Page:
The government will start supporting companies to invest in manufacturing equipment and related materials. In addition to "water electrolyzers" , it also target materials such as electrolytic membranes and catalysts that are indispensable for producing hydrogen. Hydrogen is a powerful decarbonized energy that does not emit carbon dioxide (CO2) when burned, but it is essential to reduce the high production costs. The market will be expanded through integrated government support for related industries, and the cost will be reduced to a level that allows widespread use.
METI website (in Japanese):
Ministry of Economy, Trade and Industry sets 2030 total sales target for domestic semiconductor companies at JP￥15 trillion
On June 6, the Ministry of Economy, Trade and Industry (METI) revised its "Semiconductor Digital Industry Strategy." Aiming to secure a stable supply of semiconductors, it sets numerical targets for sales. The sales of companies that produce semiconductors in Japan are about JP￥5 trillion yen (2020). In order to achieve the goal, additional investment of more than JP￥10 trillion by the public and private sectors will be required over the next 10 years, and large-scale support will be essential. This strategy will be reflected in the basic policy of economic and fiscal management currently under consideration by the government.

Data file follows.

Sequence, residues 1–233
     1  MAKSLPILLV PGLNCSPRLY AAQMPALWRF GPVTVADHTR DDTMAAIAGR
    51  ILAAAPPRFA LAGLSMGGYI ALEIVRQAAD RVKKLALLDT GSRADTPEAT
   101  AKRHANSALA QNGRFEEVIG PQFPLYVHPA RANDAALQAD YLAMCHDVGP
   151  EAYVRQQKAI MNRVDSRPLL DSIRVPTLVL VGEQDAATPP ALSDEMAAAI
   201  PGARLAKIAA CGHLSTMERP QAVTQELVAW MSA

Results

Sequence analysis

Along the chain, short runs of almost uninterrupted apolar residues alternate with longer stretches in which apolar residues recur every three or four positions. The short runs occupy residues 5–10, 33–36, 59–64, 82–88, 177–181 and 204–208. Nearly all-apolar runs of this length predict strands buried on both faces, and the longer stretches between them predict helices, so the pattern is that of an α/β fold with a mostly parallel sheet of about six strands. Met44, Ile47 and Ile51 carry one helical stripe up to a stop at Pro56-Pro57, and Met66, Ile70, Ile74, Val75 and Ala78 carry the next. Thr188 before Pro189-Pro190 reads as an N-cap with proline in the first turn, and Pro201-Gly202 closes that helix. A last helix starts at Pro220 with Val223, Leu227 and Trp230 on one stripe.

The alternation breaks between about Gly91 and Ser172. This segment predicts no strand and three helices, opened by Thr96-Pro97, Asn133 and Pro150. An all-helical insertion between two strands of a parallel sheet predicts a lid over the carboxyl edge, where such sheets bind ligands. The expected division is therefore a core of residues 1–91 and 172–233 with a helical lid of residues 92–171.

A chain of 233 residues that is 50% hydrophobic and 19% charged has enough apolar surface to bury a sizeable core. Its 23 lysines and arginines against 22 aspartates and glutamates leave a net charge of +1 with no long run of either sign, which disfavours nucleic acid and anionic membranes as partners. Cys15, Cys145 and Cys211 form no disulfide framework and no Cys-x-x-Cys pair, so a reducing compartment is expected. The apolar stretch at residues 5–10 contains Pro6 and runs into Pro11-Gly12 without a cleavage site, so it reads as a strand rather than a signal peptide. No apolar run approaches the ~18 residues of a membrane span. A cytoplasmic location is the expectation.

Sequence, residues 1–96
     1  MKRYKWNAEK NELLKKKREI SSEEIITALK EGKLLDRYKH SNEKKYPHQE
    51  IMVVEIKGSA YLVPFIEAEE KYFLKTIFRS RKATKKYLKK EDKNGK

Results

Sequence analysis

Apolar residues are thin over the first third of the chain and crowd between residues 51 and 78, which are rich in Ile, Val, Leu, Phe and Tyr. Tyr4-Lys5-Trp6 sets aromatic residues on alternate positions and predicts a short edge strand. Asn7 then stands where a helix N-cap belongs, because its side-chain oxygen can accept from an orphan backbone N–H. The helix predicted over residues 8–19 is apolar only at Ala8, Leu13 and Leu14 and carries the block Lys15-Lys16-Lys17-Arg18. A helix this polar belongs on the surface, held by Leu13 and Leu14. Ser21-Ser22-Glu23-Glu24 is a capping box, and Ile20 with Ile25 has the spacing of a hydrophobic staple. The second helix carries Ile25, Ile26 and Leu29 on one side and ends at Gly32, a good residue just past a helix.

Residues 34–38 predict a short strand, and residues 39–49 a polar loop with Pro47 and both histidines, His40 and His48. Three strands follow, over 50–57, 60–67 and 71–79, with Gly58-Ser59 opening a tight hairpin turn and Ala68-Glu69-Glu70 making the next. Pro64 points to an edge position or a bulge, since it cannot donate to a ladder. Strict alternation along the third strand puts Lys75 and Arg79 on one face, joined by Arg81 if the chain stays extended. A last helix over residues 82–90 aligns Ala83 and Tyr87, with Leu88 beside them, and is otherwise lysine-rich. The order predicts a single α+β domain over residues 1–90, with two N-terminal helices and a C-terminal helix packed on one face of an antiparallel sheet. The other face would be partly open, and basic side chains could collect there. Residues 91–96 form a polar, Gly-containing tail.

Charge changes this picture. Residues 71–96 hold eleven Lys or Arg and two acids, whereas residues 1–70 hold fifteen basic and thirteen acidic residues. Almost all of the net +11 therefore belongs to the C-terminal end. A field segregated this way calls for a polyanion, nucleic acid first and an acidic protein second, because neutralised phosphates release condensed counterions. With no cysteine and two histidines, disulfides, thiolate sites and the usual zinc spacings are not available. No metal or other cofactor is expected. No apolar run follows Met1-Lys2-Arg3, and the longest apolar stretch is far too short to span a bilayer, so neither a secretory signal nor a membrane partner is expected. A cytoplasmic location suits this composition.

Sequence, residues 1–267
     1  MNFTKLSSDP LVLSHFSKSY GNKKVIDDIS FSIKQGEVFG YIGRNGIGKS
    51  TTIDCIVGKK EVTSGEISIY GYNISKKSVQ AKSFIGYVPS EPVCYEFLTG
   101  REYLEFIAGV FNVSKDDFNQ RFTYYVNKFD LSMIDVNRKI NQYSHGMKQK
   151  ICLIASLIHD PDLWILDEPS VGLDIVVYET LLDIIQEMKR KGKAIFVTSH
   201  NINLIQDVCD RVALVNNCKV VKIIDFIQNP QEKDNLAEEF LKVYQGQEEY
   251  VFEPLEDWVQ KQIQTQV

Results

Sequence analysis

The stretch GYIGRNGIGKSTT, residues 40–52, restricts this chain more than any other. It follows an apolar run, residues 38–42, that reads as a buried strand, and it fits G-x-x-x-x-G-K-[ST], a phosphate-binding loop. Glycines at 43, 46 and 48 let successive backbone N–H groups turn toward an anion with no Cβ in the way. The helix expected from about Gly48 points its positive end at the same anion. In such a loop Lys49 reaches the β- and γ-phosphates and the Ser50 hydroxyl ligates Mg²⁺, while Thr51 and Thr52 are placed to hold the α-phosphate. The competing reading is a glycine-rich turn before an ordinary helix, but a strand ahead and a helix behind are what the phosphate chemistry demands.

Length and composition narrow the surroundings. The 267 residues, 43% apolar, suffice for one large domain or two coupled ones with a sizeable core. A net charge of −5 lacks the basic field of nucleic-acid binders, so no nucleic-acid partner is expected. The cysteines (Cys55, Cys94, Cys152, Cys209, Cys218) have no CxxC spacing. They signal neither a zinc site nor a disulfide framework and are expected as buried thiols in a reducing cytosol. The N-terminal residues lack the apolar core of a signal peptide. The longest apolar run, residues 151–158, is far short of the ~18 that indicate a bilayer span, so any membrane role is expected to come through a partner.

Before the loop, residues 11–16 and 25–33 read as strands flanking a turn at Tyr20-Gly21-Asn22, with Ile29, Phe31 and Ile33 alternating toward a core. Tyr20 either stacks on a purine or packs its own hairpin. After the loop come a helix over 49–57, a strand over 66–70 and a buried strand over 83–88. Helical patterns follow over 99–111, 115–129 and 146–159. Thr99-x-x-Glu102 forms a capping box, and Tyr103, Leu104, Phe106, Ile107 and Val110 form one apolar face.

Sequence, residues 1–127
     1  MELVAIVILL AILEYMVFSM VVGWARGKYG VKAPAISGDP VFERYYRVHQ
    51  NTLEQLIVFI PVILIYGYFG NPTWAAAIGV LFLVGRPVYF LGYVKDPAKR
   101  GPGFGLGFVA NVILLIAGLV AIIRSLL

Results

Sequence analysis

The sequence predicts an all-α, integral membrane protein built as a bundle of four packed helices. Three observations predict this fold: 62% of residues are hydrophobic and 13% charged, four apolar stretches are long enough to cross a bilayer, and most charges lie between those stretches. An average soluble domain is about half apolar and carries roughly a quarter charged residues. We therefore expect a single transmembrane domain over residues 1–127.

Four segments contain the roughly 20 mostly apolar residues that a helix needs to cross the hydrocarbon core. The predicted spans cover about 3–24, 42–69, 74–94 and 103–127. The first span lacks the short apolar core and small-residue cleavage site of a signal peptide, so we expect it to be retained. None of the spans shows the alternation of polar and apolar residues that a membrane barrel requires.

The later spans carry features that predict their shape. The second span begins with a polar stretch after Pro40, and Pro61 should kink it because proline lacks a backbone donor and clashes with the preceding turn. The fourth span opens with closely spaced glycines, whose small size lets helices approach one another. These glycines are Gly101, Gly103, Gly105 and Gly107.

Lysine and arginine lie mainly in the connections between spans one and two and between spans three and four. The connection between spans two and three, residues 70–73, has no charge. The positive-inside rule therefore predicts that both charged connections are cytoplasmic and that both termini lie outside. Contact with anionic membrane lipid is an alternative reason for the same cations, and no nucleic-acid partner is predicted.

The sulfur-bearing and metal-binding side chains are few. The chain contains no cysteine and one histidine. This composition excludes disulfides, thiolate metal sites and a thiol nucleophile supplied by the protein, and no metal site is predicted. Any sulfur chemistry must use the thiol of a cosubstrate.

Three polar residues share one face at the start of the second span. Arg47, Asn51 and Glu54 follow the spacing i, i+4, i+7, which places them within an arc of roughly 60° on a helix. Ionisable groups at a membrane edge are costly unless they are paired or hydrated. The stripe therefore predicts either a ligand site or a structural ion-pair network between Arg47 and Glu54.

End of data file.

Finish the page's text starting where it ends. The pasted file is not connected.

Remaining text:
Regarding generative AI, it added an industrial strategy to promote its utilization, and presented a policy to develop guidelines for business operators, horizontally deploy good practices, and a study of human resource development measures. AI development requires a large amount of high-quality data, so while paying attention to copyrights, etc., it supports the construction of a mechanism that allows access to data held by public institutions, and the development of data in fields that bring about innovation through the use of AI.
METI website (in Japanese):